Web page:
There is really only one word to describe Mike Leigh’s biopic of Britain’s treasured landscape painter, Billy Turner, and that is: beautiful. With the camera as a paintbrush, Leigh, working with cinematographer Dick Pope, evokes the sunset palette of the great man’s canvases as the world in which he lived, breathed and finally died. What better way to remember his genius than to plonk us right in the centre of his vision?
Mr Turner, as explained by Leigh in the Q&A we were lucky enough to catch at Dalston’s ripe old Rio cinema, was ‘a man of contradictions.‘ In relation to Timothy Spall’s mesmerising, hilarious and heart-breaking performance, that is a slight understatement. For someone able to produce such timeless impressions of the sublime, Turner is shown to be a grunting, gurgling, no-nonsense artist with more than a little of a lecherous side to him. Be prepared for extensive throat-clearing as a means of communication – but it works. You are sucked in by his charm. And as we all know, dark humour is Leigh’s favourite game.
There was one resounding consensus of concern in the cinema, however, and that was to do with sore bums. There’s no question that it’s a very long film, and the pace does slow in the second half. But although there were chunks of everyday meanderings that could have been cut for lack of much action, it was clear that this biopic was a labour of love by each and every department, and perhaps they just didn’t want to stop.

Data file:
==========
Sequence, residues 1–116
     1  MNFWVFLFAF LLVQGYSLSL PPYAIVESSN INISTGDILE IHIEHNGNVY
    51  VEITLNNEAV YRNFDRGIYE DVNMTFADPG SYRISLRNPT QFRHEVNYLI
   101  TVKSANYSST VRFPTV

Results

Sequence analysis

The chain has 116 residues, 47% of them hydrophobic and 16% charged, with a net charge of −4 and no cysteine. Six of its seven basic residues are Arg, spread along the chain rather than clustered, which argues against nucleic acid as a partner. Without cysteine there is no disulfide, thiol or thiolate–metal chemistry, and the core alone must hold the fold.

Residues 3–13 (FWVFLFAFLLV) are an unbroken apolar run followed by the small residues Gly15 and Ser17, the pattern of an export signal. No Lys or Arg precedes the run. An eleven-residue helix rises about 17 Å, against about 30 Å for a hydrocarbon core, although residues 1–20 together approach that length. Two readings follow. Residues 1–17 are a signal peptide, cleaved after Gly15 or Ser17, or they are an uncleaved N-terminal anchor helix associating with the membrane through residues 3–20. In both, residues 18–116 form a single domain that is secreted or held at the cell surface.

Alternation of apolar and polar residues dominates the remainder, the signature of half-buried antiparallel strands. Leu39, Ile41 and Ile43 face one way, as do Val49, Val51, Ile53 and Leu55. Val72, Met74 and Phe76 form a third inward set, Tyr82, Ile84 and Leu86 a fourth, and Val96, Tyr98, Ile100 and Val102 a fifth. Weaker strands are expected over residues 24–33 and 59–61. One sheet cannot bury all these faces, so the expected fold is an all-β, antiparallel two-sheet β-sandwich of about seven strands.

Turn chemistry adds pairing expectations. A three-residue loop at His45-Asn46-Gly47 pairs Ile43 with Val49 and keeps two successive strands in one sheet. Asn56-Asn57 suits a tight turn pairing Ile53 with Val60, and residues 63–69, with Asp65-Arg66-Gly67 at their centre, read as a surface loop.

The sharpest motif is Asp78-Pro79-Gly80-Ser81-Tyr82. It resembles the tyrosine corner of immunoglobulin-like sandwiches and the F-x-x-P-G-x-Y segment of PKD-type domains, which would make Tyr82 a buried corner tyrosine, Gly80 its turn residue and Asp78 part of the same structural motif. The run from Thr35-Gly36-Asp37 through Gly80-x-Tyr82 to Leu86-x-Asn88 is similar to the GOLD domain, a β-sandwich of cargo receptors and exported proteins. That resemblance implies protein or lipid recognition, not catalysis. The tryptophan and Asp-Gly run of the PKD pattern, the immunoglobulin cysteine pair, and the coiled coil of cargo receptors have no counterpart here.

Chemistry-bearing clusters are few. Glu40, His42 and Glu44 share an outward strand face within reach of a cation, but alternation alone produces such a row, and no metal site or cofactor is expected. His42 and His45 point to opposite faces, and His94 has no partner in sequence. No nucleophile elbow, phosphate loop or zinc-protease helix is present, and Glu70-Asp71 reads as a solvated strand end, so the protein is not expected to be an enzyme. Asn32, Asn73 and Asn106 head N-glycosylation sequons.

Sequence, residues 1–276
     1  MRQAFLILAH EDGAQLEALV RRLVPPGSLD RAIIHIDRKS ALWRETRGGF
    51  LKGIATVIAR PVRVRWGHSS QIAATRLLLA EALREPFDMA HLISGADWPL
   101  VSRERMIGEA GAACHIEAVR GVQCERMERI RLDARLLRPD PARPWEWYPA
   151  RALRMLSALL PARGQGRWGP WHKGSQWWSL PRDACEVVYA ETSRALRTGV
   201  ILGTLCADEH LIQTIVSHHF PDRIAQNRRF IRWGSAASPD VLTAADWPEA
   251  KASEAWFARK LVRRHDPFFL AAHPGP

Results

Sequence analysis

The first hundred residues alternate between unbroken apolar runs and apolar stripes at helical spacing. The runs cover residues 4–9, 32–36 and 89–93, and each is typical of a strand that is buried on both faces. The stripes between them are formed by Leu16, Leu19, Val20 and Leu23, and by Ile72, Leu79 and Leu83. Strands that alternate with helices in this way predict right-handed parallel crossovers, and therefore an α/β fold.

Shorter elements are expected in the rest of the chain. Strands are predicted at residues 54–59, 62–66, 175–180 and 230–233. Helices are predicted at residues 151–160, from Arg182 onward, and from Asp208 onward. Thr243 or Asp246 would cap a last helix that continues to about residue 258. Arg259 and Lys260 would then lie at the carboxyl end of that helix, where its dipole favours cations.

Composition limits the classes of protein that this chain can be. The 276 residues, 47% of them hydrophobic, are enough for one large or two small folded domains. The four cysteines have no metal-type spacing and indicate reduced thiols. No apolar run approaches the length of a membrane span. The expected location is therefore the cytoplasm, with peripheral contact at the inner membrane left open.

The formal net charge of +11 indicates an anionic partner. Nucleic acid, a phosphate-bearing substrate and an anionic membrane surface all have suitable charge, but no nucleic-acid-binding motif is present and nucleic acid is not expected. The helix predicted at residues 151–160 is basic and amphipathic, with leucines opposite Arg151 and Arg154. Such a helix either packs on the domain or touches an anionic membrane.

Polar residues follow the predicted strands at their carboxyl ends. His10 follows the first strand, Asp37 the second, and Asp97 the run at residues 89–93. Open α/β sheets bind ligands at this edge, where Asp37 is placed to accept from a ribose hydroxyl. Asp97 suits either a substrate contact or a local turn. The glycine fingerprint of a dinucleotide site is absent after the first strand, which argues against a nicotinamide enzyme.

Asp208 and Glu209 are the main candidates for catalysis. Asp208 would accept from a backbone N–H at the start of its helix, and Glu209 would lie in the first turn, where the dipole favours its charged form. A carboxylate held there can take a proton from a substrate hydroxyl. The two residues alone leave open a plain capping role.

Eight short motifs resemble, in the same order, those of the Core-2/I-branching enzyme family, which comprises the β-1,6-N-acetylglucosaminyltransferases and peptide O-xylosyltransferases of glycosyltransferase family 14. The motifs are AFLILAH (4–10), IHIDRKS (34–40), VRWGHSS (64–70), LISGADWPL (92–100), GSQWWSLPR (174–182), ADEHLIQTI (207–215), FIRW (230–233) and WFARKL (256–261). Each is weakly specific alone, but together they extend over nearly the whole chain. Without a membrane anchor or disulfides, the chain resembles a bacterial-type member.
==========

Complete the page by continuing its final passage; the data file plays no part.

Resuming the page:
The unique score by Gary Yershon was not a predictable period piece that was ‘slapped on like wallpaper’ (said Leigh, referring to the way music is often used in biopics), but a chorus of saxophones in a haunting whine that never intruded. As for the actors – not just Spall but Marion Bailey as his widowed lover Mrs Booth, and Dorothy Atkinson as his besotted housekeeper – they physically embodied the rich characters in everything from the way they moved to the finely tuned 19th-century accents. Leigh talked of the meticulous research the cast and crew embarked on to forage a unique contextual picture. It was clear the authenticity of the man’s life was very important to the overall vision, which is why Spall was always going to be Turner, since way back to their Topsy Turvy collaboration in 1999. ‘He got the grain of Turner’ Leigh explained. It was Spall’s Dickensian interests, his working class background, and his Londonian roots that clinched the deal.
How would Leigh describe this legendary Londoner? ‘He was both an insider and an outsider, because he was just so much more brilliant than everyone else.’ And his work? ‘A celebration of the elements.’ A fractious character with both dark and light inside him is indeed the portrait that is painted, with a focus on his driven distance from anything and anyone that didn’t feature in his artistic pursuits. Cold? A little. Possessed by beauty? Far more.
Don’t miss the totally visceral performances from three great Brit actors, and Leigh’s overall creation that is worthy of it’s subject matter by a mile. Just stock up on snacks beforehand to keep you going.